We all know how it feels when those extra pounds creep up on us. Did you know that, just like for humans, a leading threat to the nation’s companion animals is the rise in the number of overweight pets?
According to the Association for Pet Obesity Prevention, more than 55% of dogs are overweight or obese while the number for overweight or obese cats is 59%. Just like in humans, obesity in pets is directly correlated to increased risks for diabetes, high blood pressure, arthritis, joint problems, kidney disease, cancer and more. Obese pets also suffer from a lower quality of life and reduced life expectancies.
Caring for the issues that come with obesity can be expensive for owners. The cost of medications and treatments for obesity related conditions can be hundreds or even thousands of dollars a year. Rather than reactively pay for those conditions, the far easier and less expensive option would be to help pets achieve a healthy weight.
At Family Pet Health we had the opportunity to track the journey of one such overweight pet: Gracie, a 9-yr-old Shih Tzu. Like many older dogs her age, Gracie had begun to slow down in activity. She had always been a lap dog, preferring naps on the back of the couch over more than just a few minutes of strenuous games of “fetch” and chasing her rope toy. But as she entered “middle age,” Gracie’s activity level dropped even more to the point that she didn’t even want to walk past the mailbox on her walks outside. The combination of age-related metabolic slowing and Gracie’s couch potato lifestyle had the weight adding up quickly.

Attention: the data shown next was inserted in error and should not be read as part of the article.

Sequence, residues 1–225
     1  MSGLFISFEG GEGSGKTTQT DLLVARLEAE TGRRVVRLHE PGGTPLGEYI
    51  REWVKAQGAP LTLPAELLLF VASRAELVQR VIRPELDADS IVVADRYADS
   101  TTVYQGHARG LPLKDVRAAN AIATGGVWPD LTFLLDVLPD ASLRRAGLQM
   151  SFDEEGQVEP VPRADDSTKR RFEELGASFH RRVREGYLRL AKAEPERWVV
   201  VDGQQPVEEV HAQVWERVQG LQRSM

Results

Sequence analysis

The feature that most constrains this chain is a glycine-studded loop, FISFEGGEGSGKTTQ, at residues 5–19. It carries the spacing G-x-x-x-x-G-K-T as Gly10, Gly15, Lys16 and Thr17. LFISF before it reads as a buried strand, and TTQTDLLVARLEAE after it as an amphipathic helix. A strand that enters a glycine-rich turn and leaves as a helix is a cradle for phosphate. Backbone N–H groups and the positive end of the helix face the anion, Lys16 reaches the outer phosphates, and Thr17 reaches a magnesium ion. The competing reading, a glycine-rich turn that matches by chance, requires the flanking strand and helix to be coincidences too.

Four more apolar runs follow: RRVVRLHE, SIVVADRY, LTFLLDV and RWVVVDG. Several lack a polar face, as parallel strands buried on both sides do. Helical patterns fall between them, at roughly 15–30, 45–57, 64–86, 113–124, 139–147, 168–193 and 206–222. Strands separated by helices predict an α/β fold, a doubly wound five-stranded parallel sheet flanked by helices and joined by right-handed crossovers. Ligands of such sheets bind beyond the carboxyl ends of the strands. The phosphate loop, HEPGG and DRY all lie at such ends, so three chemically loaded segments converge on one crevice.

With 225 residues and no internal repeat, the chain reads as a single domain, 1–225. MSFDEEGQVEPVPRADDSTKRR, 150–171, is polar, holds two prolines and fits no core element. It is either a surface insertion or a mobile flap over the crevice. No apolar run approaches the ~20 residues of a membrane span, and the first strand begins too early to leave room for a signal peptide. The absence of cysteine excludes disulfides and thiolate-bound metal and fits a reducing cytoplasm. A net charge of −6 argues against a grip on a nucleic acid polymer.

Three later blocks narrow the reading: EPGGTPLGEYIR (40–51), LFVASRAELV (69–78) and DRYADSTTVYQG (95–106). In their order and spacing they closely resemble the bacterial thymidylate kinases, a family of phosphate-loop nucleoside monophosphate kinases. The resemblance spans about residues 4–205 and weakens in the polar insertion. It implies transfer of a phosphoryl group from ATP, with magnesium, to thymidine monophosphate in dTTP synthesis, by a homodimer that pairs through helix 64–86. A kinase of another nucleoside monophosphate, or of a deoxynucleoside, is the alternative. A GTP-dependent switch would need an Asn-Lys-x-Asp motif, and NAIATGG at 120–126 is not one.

During her annual exam in November of 2018, Gracie weighed 14 pounds. However, by July of 2019 when she came in for a check up, Gracie weighed in at 16 pounds. This doesn’t sound like much, but in small animals it adds up very quickly! The 14% increase in weight immediately caught the attention of Gracie’s veterinarian, Dr. Jennifer Nunnery, who then had a discussion with Gracie’s owner about the need to maintain proper body weight. We know these conversations are never fun, but they are vital.
The biggest key to getting Gracie on a weight loss plan was becoming more purposeful about her feeding schedule. Dr. Nunnery made some calculations, and explained in detail the proper amount of food to give to Gracie at each feeding. She sent home a measuring cup to facilitate those amounts. The treatment staff also provided Gracie’s owner a list of low calorie treat options with the caveat that any significant amount of treats should be offset by a reduction in food that day. It was important for the whole family to be on board with the weight loss plan, as Gracie was known to “trick” her owners by being fed by one member of the family... then waiting until that individual left the room and then acting as if she had not eaten in hopes of tricking other family members into feeding her again!